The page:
Nice to see the FDA digging around into this topic: FDA seeks more data on safety of hospital hand cleaners – The Washington Post. Clearly there is some major value in having people at hospitals (and other helath care facilities) wash their hands often – this is a key step in limiting the spread of pathogens. But that does not mean that scrubbing up in triclosan or triclocarban containing soaps or miscellaneous other antiseptic ingredients is safe or wise. Yes mamny of these foams and gels and soaps make life easier for people wanting to clean their hands. But there may be serious side effects including the selection of resistant microbes, major alterations in skin and other microbiomes, and other physiological effects. In the end, we need to find a better balance between wise measures to prevent the spread of infections and overzealous germophobia.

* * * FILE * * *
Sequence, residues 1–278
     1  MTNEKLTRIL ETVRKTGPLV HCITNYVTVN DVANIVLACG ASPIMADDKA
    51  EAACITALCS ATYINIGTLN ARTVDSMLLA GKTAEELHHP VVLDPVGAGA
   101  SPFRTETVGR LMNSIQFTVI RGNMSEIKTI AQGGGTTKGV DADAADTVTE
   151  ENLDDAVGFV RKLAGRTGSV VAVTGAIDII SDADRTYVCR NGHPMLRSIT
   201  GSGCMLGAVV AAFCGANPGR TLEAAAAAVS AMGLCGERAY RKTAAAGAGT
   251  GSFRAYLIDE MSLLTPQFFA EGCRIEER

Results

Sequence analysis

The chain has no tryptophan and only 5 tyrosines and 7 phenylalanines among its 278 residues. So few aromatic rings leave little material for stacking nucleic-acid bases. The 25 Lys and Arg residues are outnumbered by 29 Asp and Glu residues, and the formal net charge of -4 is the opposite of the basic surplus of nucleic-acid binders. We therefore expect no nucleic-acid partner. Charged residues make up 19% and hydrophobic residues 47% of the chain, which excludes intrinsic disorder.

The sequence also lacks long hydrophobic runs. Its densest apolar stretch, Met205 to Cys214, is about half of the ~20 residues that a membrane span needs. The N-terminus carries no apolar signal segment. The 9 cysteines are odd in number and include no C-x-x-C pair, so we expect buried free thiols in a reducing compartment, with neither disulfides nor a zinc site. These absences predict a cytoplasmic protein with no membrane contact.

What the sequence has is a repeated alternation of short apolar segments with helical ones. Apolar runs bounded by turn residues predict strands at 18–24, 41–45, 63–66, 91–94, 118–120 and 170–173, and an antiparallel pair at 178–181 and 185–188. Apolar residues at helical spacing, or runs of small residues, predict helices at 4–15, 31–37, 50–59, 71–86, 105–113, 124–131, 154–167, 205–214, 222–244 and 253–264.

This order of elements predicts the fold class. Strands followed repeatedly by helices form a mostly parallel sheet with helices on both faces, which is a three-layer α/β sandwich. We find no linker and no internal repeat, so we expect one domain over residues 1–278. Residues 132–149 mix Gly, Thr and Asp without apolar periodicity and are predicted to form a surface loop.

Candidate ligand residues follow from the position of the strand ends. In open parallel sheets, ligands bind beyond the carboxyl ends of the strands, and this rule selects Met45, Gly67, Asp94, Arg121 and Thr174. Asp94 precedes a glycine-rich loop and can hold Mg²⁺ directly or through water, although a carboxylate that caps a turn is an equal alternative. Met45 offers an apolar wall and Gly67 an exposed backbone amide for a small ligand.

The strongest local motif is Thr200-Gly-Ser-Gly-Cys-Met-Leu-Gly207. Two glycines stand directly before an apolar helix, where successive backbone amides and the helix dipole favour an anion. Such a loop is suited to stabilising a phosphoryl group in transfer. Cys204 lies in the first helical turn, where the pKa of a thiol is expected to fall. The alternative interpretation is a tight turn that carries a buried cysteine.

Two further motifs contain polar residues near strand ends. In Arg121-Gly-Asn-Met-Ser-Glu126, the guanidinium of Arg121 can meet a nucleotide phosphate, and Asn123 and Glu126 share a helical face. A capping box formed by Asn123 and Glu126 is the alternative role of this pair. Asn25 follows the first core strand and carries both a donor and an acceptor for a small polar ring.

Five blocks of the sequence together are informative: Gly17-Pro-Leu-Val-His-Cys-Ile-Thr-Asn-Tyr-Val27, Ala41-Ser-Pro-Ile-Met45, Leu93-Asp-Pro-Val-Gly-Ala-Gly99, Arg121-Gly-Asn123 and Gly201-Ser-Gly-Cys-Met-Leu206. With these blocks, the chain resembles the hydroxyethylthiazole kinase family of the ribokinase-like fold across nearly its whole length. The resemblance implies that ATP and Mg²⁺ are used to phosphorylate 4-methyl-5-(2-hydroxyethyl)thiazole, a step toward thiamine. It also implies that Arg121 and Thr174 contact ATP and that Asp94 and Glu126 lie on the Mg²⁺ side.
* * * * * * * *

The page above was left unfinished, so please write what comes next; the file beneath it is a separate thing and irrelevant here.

I am an evolutionary biologist and a Professor at U. C. Davis. My lab is in the UC Davis Genome Center and I hold appointments in the Department of Medical Microbiology and Immunology in the School of Medicine and the Department of Evolution and Ecology in the College of Biological Sciences. My research focuses on the origin of novelty (how new processes and functions originate). To study this I focus on sequencing and analyzing genomes of organisms, especially microbes and using phylogenomic analysis (see my lab site here which has more information on lab activities). In addition to research, I am heavily involved in the Open Access publishing and Open Science movements.